I have a 4 part CSS3 animation playing on click - but the last part of the animation is meant to take it off the screen.

However, it always goes back to its original state once it has played. Anyone know how I can stop it on its last css frame (100%), or else how to get rid of the whole div it is in once it has played.

@keyframes colorchange {
  0%   { transform: scale(1.0) rotate(0deg); }
  50%  { transform: rotate(340deg) translate(-300px,0px) }
  100% { transform: scale(0.5) rotate(5deg) translate(1140px,-137px); }

8 Answers 8


You're looking for:

animation-fill-mode: forwards;

More info on MDN and browser support list on canIuse.

  • 8
    Do you know if that works in chrome? Not having any luck with it
    – user531192
    Dec 6, 2010 at 7:58
  • 4
    Please accept this as the correct answer. More explanation on this one: 4waisenkinder.de/blog/2014/10/13/…
    – miron
    Oct 15, 2014 at 8:29
  • @user531192 For Chrome/Webkit browsers you have to use -webkit-animation-fill-mode: forwards;
    – eivindml
    Sep 22, 2015 at 10:36
  • 1
    Chrome doesn't need the -webkit- prefix anymore now (at least from v49)
    – Capsule
    Apr 13, 2016 at 1:52
  • 1
    One issue I had with this was I didn't have a 100% {} or to {} set, so even with animation-fill-mode: forwards; my animation would still dump me at 0%. (I was using some @for loops to create my animations and forgot to manually add a from{}and to{});
    – Phil Tune
    Sep 27, 2017 at 18:19

If you want to add this behaviour to a shorthand animation property definition, the order of sub-properties is as follows

animation-name - default none

animation-duration - default 0s

animation-timing-function - default ease

animation-delay - default 0s

animation-iteration-count - default 1

animation-direction - default normal

animation-fill-mode - you need to set this to forwards

animation-play-state - default running

Therefore in the most common case, the result will be something like this

animation: colorchange 1s ease 0s 1 normal forwards;

See the MDN documentation here

-webkit-animation-fill-mode: forwards; /* Safari 4.0 - 8.0 */
animation-fill-mode: forwards;

Browser Support

  • Chrome 43.0 (4.0 -webkit-)
  • IE 10.0
  • Mozilla 16.0 ( 5.0 -moz-)
  • Shafari 4.0 -webkit-
  • Opera 15.0 -webkit- (12.112.0 -o-)


.fadeIn {
  animation-name: fadeIn;
    -webkit-animation-name: fadeIn;

    animation-duration: 1.5s;
    -webkit-animation-duration: 1.5s;

    animation-timing-function: ease;
    -webkit-animation-timing-function: ease;

     animation-fill-mode: forwards;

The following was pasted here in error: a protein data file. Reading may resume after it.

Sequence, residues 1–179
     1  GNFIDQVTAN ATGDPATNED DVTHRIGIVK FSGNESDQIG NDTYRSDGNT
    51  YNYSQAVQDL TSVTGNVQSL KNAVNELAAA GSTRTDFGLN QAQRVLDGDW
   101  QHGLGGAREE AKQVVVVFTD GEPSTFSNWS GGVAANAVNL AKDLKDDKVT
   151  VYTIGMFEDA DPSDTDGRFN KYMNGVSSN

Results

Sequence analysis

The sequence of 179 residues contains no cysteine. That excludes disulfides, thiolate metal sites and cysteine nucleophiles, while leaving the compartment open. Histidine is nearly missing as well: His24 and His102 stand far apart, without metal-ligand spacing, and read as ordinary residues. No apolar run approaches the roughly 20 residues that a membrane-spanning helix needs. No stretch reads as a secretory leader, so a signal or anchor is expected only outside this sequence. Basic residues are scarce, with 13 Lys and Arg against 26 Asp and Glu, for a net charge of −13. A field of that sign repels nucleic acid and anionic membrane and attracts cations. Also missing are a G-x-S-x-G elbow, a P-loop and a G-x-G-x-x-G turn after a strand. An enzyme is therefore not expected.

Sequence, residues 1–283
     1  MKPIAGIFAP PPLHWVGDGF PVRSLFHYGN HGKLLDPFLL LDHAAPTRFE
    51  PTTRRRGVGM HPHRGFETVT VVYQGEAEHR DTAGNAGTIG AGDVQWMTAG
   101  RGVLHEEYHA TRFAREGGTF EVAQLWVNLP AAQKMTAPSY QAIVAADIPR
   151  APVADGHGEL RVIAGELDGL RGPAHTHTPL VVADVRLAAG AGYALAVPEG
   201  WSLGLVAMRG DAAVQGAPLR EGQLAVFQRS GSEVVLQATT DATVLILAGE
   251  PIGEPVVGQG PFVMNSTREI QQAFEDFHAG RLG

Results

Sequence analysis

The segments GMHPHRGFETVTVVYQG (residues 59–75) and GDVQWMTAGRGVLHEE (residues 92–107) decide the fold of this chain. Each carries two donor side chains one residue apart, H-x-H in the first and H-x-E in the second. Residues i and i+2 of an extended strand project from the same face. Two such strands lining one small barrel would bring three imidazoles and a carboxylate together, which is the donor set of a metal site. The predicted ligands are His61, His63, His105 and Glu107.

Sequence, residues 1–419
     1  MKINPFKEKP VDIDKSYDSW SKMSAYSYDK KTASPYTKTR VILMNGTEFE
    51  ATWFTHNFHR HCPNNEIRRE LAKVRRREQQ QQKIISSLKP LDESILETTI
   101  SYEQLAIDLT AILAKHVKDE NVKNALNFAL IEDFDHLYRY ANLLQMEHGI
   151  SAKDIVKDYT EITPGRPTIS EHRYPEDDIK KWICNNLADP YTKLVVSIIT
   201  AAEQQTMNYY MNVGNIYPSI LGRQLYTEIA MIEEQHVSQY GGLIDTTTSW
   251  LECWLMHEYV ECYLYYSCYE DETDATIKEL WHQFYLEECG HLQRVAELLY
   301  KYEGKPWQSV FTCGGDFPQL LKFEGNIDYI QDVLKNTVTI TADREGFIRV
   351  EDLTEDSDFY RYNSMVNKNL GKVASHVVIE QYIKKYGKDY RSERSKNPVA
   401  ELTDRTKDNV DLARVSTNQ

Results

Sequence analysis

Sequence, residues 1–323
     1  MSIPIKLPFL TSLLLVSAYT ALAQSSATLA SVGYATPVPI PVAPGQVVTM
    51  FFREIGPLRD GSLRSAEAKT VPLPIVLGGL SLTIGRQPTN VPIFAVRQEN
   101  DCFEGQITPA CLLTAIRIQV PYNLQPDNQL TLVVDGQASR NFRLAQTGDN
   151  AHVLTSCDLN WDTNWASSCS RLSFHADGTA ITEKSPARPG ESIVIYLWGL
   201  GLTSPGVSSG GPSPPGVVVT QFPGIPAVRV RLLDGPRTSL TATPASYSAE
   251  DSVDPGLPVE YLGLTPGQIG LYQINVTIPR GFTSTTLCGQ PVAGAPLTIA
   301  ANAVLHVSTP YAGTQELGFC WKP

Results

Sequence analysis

-webkit-animation-fill-mode: forwards;

@keyframes fadeIn {
  from {
    opacity: 0;

  to {
    opacity: 1;

@-webkit-keyframes fadeIn {
  from {
    opacity: 0;

  to {
    opacity: 1;

The best way seems to put the final state at the main part of css. Like here, i put width to 220px, so that it finally becomes 220px. But starting to 0px;

div.menu-item1 {
  font-size: 20px;
  border: 2px solid #fff;
  width: 220px;
  animation: slide 1s;
  -webkit-animation: slide 1s; /* Safari and Chrome */
@-webkit-keyframes slide { /* Safari and Chrome */
  from {width:0px;}
  to {width:220px;}
  • This is great, the best way to deal with this problem I think.
    – Drew Baker
    Apr 13, 2017 at 7:36
  • If you use an animation-delay, it starts with the end state, resets to 0%, then animates to 100%. Not ideal and visually jarring.
    – Deborah
    Jul 16, 2020 at 22:59

Isn't your issue that you're setting the webkitAnimationName back to nothing so that's resetting the CSS for your object back to it's default state. Won't it stay where it ended up if you just remove the setTimeout function that's resetting the state?


I just posted a similar answer, and you probably want to have a look at:


You can find out aspects of an animation, such as start and stop, and then, once say the 'stop' event has fired you can do whatever you want to the dom. I tried this out some time ago, and it can work, but I'd guess you're going to be restricted to webkit for the time being (but you've probably accepted that already). Btw, since I've posted the same link for 2 answers, I'd offer this general advice: check out the W3C - they pretty much write the rules and describe the standards. Also, the webkit development pages are pretty key.


Nobody actualy brought it so, the way it was made to work is animation-play-state set to paused.


I learned today that there is a limit you want to use for the fill-mode. This is from an Apple dev. Rumor is * around * six, but not certain. Alternatively, you can set the initial state of your class to how you want the animation to end, then * initialize * it at from / 0% .

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